Google is implementing a new Play Store policy to combat abuse and potential leakage of sensitive call and text logs by third-party developers.
Currently on Android, apps can access your phone calls and text messages by simply asking you for permission. Hundreds of apps do this, regardless of the legitimate need to do so. Most will even continue to work just fine without that permission, but some users, when confronted with a permissions prompt will unquestioningly say yes.
This is obviously not a good state of affairs, and Google knows it. Third-party developers should not have unnecessary access to our call and text logs. To combat this, the company has updated the Play Store Developer Policy to prevent the majority of improper uses for the Phone and Text permissions.
Starting today, Play Store apps that wish to use Phone or Text permissions must first be the default Phone, SMS, or Assistant app. The exact permissions you are allowed vary based on the type of default used. Phone apps (like Google Voice) exclusively get phone call related permissions, SMS apps (like Textra) exclusively get SMS related permissions, and Assistant apps (like Alexa) get both.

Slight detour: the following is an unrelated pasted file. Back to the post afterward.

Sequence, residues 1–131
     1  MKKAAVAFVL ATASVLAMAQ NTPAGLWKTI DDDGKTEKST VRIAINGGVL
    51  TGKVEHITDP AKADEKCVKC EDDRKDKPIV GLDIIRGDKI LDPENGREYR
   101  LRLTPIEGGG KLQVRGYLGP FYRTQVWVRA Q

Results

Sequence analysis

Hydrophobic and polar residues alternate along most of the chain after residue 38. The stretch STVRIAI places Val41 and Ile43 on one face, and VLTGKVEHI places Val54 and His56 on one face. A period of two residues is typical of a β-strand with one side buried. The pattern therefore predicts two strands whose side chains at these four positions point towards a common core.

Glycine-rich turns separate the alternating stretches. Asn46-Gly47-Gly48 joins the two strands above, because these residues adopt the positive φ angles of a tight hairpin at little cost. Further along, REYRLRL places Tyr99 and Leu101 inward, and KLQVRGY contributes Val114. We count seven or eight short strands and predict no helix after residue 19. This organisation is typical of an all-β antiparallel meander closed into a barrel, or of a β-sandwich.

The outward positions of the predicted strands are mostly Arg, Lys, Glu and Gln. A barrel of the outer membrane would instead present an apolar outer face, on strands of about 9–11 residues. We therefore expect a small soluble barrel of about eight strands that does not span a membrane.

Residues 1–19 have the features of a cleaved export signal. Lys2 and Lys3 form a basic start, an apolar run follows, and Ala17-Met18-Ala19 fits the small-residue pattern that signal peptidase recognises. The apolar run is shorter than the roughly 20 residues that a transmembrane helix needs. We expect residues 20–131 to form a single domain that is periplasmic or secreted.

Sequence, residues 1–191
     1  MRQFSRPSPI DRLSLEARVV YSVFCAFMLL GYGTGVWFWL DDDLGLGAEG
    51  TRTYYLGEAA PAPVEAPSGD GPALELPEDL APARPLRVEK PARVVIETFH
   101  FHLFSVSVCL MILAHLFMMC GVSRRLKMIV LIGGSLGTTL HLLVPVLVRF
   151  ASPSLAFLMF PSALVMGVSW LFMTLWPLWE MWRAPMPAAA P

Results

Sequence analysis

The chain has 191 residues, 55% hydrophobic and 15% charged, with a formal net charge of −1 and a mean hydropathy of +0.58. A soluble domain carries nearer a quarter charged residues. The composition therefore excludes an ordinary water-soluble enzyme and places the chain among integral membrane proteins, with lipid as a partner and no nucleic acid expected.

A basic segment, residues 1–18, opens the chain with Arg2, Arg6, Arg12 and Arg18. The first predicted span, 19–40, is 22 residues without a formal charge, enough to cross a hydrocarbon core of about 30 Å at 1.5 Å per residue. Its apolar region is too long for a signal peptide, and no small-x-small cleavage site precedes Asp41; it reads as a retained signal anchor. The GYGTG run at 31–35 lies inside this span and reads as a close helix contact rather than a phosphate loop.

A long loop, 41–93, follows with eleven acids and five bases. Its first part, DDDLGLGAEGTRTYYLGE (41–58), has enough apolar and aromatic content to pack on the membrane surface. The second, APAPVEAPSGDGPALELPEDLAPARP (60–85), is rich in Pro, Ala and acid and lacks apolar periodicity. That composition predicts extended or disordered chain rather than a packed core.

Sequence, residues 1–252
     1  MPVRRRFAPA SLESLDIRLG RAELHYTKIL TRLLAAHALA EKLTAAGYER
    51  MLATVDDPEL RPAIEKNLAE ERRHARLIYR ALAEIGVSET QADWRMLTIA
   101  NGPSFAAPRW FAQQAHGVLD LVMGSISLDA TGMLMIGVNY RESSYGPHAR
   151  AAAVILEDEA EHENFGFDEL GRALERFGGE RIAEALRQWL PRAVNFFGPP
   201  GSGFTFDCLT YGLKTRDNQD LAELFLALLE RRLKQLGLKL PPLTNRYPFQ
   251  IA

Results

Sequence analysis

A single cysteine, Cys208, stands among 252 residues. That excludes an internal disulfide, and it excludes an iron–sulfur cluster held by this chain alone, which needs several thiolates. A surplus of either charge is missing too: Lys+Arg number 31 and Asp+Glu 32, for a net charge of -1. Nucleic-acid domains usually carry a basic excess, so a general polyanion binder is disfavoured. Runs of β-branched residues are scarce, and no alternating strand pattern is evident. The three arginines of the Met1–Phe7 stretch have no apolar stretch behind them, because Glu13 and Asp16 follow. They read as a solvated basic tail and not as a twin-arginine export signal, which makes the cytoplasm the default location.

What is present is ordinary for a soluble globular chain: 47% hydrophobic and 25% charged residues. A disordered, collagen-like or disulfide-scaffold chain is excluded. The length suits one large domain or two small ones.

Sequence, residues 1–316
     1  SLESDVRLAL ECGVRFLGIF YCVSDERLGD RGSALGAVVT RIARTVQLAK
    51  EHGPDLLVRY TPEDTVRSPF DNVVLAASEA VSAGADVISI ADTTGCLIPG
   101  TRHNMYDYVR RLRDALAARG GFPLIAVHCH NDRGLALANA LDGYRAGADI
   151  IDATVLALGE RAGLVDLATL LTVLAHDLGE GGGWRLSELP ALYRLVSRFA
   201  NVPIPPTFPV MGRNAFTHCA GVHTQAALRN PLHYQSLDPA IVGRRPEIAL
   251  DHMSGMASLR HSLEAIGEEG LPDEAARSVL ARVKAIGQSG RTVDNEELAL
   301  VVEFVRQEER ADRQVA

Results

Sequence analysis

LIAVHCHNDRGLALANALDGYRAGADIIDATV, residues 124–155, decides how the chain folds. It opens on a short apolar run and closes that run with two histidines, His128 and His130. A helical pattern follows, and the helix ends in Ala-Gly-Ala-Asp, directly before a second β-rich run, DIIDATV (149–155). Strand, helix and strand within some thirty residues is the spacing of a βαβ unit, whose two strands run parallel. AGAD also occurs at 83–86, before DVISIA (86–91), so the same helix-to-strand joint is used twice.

There are quite a few legitimate situations for these permissions that aren’t covered by these three defaults, however. For these cases, Google is willing to work with and create exceptions for developers whose apps require Phone or SMS permissions for “core app functionality.” Some examples given include caller ID, and call/SMS backup & restore apps.
The full rundown of which permissions are included for each type of default, what exceptions Google is willing to abide, and how to get your application’s permissions approved for the Play Store can be found on a comprehensive new Play Console Help page. While the change went in effect today, enforcement of it doesn’t start for another 90 days, or January 6th.
It’s important to remember that this change will only affect apps in the Play Store, and does not affect other app stores (like Amazon Appstore) or Android as a whole. Developers are free to disregard this Play Store policy, so long as they intend to distribute elsewhere, like Fortnite.